A prophetic witness to the work of the Holy Spirit in bringing change to the Church.

While the latter may be compatible with +Martins' description, it can also be perverted by the agenda-driven when playing the Holy Spirit card for whatever heterodoxy you desire to promote.

Bryan Owen said...

You are most welcome, Nurya Love Parish!

Bryan Owen said...

Hi Underground Pewster. I suspect that Bishop Martins' understanding of a bishop's job description is shared by very few of our current bishops. The alternative job description you've offered is likely a more common understanding.

And yes, it is true that appeals to the Holy Spirit can all too easily be covers for an individual or a group's 'will to power'.

It's always appropriate to ask: how do we know that X is of the Holy Spirit?

Stephen Hood said...

I understand your discomfort with the Presiding Bishop's sermon and maybe she has usurped her responsibility as a Bishop to honor the long standing traditions of the church (strange argument considering her service as a bishop betrays long standing traditions of the church), but it seems to me that her sermon fits within the boundaries of an interpretation of the text informed by liberal, progressive, feminist, liberationist, and womanist scriptural scholars. She also seems to discount the idea that the slave girl was possessed by a demon, and the discount of a belief in demons has been acceptable since the enlightenment amongst a broad spectrum of Christians. So if you begin with the assumption that accounts of demon possession were misunderstood by ancient people, than the Presiding Bishop's sermon seems like a reasonable interpretive move, especially when it is understood that the slave girl was speaking the truth about Paul and Silas.

For me the larger question is whether or not the Presiding Bishop can use the scholarship of liberal, progressive, feminist, liberationist, and womanist scriptural scholars to inform her work as a bishop and preacher. You suggest in your previous post that she may be engaging in a sin against the Holy Spirit because her interpretation of the text is driven by her theopolitical agenda. This may be true or it could be that her interpretation of the text is informed by her theological convictions about God and God's love for all creation informed by the movement of the Holy Spirit. I don't think the Presiding Bishop is out of bounds nor do I think she should refrain from being informed by diverse voices within our tradition. Her interpretation of this text may stray well away from the traditionally formularies, but she is not out on a limb all by herself.

Bryan Owen said...

Hi Stephen. Thank you for your comment.

I see your point about using "liberal, progressive, feminist, liberationist, and womanist scriptural scholars" to reach an interpretation of this text that inverts the way it has been understood for almost 2,000 years. For some time now, such "scholarship" has enabled persons to do the same with basic tenets of the Christian faith, revisioning and even jettisoning orthodox understandings of the Trinity, the Incarnation, the atonement, the resurrection, etc. And yes, the PB is "not out on a limb all by herself" when it comes to such matters. Others who seek to "revise" and "reinterpret" the Christian faith are also out on the limb with her.

The issue is not whether the PB can use such scholarship to draw conclusions contrary to orthodox faith and practice. She can and she does. The issue is what it means to be a bishop of the Church. What does it mean "to guard the faith, unity, and discipline of the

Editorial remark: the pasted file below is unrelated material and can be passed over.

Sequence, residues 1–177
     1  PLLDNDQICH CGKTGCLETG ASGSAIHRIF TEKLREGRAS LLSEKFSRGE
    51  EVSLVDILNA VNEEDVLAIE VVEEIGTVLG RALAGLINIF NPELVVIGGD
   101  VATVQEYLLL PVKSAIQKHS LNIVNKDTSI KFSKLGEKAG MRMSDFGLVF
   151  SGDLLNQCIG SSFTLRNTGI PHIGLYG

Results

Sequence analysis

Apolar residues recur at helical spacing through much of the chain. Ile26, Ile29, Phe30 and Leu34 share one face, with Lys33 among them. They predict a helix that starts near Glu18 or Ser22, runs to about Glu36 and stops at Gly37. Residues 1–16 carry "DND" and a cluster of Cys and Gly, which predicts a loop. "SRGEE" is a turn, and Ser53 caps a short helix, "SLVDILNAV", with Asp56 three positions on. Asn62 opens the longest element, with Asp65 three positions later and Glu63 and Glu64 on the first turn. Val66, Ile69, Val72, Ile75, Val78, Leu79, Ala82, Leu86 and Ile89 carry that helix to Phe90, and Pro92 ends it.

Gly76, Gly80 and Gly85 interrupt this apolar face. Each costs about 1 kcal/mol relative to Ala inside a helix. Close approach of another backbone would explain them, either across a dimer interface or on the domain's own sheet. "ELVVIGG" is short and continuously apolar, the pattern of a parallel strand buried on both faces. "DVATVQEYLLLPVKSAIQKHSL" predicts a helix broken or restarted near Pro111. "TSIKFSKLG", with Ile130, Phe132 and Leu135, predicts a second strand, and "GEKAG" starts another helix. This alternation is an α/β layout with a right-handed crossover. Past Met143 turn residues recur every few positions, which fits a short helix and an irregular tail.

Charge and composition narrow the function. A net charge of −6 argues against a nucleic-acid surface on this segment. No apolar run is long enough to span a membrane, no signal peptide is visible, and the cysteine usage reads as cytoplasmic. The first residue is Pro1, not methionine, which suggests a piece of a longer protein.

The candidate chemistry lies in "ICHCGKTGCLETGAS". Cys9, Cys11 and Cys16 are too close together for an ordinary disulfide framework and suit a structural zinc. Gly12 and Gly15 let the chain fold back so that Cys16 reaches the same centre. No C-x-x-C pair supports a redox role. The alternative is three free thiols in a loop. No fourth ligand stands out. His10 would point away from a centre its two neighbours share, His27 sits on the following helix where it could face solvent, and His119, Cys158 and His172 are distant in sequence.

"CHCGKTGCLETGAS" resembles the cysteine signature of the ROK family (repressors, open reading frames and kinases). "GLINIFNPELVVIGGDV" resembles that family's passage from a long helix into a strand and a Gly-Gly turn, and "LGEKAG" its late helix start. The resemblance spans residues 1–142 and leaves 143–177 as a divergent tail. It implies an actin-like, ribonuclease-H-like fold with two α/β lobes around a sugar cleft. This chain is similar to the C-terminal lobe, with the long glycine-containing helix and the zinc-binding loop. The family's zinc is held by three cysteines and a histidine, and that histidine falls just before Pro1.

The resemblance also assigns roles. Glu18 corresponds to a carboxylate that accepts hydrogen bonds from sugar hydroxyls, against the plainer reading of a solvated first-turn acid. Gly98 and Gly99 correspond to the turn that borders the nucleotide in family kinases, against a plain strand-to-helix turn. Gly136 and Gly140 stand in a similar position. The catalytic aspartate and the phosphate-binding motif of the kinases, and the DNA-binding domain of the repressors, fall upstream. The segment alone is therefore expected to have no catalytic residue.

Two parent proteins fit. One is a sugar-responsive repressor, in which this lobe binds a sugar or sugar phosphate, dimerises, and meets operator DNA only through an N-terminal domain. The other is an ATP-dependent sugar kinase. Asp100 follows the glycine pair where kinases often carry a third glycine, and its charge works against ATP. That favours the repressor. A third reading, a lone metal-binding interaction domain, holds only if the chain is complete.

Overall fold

Church" (BCP, p. 517)? And is the PB's interpretation of this text compatible with being such a guardian?

It's fine for non-believers, critics, skeptics, academics and others to teach contrary to the faith of the Church. But when, as part of the ordination vows, a person answers the question "Will you guard the faith, unity, and discipline of the Church?" by saying, "I will, for the love of God" (BCP, p. 518), they have voluntarily given up the right to publicly preach and teach against the very faith they have solemnly sworn to guard and uphold. As C. S. Lewis noted, honesty requires that clergy who wish to go beyond the boundaries of orthodox doctrine resign their orders and change their profession.

And actually, lay persons are also bound by vows that require them to conform to the doctrinal norms of apostolic teaching (note the first question of promise in the Baptismal Covenant on page 304 of the Prayer Book). So all Episcopalians - lay persons, deacons, priests, and bishops - who have renewed their baptismal vows and made additional vows in ordination have voluntarily sworn to conform to doctrinal orthodoxy.

Sadly, it appears that those who sit out on the limb with the PB have forgotten this truth.

C. Wingate said...

Stephen, my experience of womanist/liberationist theologizing is that a great deal of it is explicitly anti-establishment and therefore reactively heterodox. Saying that they are among "diverse voices within our tradition" is therefore a statement I would question. My impression instead is that Anglican refusal to close questions off has been used as an opening to co-opt the church's teaching authority in the advocacy of positions that are really foreign to Anglicanism.

Also, I get the impression that she is out on a limb all by herself, at least in this particular sermon. It gives the impression of being her private interpretation, and while in some larger sense it may be consonant with a pattern of (questionable) liberal interpretation, I don't read it as something around which there is some sort of consensus. The form of the criticisms is constructive: the detractors point to the defects, while the defense is generally that it's OK for her to work this idea. People are not defending her idea for itself.

C. Wingate said...

That should read " The form of the criticisms is instructive"....